Zora Neale Hurston
1891 - 1960
Inducted in 1990
Zora Neale Hurston not only stands as the most celebrated black female writer ever to work in Florida, but also one of the undisputed titans of African-American literature in U.S. history. A major figure of New York's Harlem Renaissance in the 1920s, Hurston's writing influenced generations of black writers, including such distinguished, latter-day figures as Ralph Ellison, Toni Morrison, Alice Walker and Gayl Jones.
Hurston was born (as Zora Lee Hurston) in Notasulga, Alabama, the fifth of eight children. When she was 3, her family moved to the all-black town of Eatonville, Florida, where her father (a Baptist preacher) eventually became the town's mayor. Soon after her mother's untimely death in 1904, her father remarried, and Hurston was soon sent to a boarding school in Jacksonville. After years of menial work and hardships, she finally graduated (at age 25) from high school (Morgan Academy in Baltimore) in 1918.
Upon graduation she immediately enrolled at Howard University in Washington, D.C. It was as a student there that Hurston had her first story published. The story appeared in the college's literary magazine, Stylus, in 1921.
Hurston was soon offered a scholarship from Barnard College in Manhattan. Once settled in New York, she immersed herself in a black literary movement that eventually became known as the Harlem Renaissance. Her writing flourished, with two more short stories published.
After graduating with a bachelor's degree in anthropology in 1927, Hurston married a jazz musician, a classmate she had met at Howard. She spent two years doing graduate research in anthropology at Columbia University, where one of her classmates was Margaret Mead.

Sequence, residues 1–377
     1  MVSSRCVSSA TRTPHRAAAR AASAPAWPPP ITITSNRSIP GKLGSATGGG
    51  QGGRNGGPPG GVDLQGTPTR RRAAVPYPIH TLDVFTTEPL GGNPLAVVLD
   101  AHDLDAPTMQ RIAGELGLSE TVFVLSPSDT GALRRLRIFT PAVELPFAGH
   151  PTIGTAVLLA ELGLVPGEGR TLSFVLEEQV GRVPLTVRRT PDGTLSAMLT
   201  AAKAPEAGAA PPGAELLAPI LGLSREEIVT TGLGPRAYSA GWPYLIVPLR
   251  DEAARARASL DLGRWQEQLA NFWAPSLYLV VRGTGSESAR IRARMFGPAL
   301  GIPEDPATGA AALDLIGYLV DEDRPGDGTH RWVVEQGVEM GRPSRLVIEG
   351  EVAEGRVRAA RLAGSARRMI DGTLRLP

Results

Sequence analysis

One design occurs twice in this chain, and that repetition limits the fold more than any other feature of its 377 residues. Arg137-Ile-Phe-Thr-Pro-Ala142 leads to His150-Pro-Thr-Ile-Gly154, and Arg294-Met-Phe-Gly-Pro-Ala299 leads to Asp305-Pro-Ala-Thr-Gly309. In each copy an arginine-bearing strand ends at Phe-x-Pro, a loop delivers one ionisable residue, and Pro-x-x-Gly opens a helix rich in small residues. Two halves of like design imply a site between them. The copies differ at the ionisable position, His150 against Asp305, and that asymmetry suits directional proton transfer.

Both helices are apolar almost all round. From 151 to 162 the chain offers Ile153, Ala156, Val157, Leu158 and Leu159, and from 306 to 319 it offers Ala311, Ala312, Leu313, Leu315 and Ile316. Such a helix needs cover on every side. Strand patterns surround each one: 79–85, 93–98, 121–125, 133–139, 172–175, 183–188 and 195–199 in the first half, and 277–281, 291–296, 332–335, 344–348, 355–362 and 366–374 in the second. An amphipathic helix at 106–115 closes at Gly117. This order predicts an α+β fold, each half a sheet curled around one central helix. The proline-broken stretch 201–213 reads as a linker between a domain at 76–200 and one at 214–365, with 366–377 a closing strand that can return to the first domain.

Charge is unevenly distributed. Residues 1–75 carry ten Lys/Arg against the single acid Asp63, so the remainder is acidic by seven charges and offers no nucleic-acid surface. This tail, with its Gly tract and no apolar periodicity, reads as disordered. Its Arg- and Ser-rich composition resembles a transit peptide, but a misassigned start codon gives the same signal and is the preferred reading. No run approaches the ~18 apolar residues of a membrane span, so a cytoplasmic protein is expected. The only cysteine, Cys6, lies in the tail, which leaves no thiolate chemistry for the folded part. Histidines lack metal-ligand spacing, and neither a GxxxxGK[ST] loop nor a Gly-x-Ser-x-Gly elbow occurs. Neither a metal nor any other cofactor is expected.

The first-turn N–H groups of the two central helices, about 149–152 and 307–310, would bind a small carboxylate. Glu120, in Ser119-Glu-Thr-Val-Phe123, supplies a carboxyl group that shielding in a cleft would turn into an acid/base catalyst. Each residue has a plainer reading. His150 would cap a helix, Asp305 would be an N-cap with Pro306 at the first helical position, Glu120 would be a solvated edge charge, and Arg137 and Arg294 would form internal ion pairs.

When her marriage ended in 1931, Hurston traveled extensively through the South and in the Caribbean, learning local cultures as part of her on-going research. In 1934, her first novel appeared, Jonah's Gourd Vine, published by J.B. Lippincott. The following year, she published Mules and Men, an anthology of black folklore. In 1939, on a Guggenheim Fellowship that supported her anthropological research in Haiti, Hurston finished what would become her masterwork, Their Eyes Were Watching God, a novel she wrote in seven weeks.
In the midst of a remarkable publishing career, in 1939 Hurston signed on with the Florida Writers Project, a part of the federal Works Progress Administration, as a folklorist. She toured Florida on a sound recording expedition (often accompanied by co-worker Stetson Kennedy) collecting songs and stories from working people using equipment on loan from the Library of Congress (where 18 of her original recordings are preserved).
During the 1940s, Hurston's reputation as a major literary figure vaulted. She published two more novels and more than a dozen stories that appeared in such national titles as the Saturday Evening Post and the American Mercury. In 1947, Hurston won another Guggenheim and moved to Honduras where she collected folklore that became the basis of her fourth (and last) novel, Seraph on the Swanee, published in 1948.
But the 1950s brought Hurston a litany of troubles that eventually drove her into obscurity and poverty. Spending most of her time in South Florida, she worked at a variety of jobs, ranging from a maid to a newspaper reporter. In 1957, she moved to Fort Pierce where a family friend from Eatonville invited her to live in a small house rent-free. In 1960, a debilitating stroke forced her into a welfare home, where she died at the age of 69. She was buried in an unmarked grave in a segregated cemetery.
In the early 1970s, Hurston's remarkable life was rediscovered by noted black author Alice Walker, who had been heavily influenced by Hurston's writings. In 1973, Walker travelled to Fort Pierce and found what is believed to be Hurston's gravesite. Walker had a headstone installed with the inscription "Zora Neale Hurston: A Genius of the South."
Today, helping keep Hurston's legacy alive are two annual festivals, one in her childhood home of Eatonville, The Zora Neal Hurston Festival of the Arts & Humanities, and ZoraFest, held each spring in Fort Pierce. A feature-length documentary on her life, Jump at the Sun, was released in 2008 and rebroadcast by PBS in 2010. Also in 2010, Hurston was inducted into the New York Writer's Hall of Fame.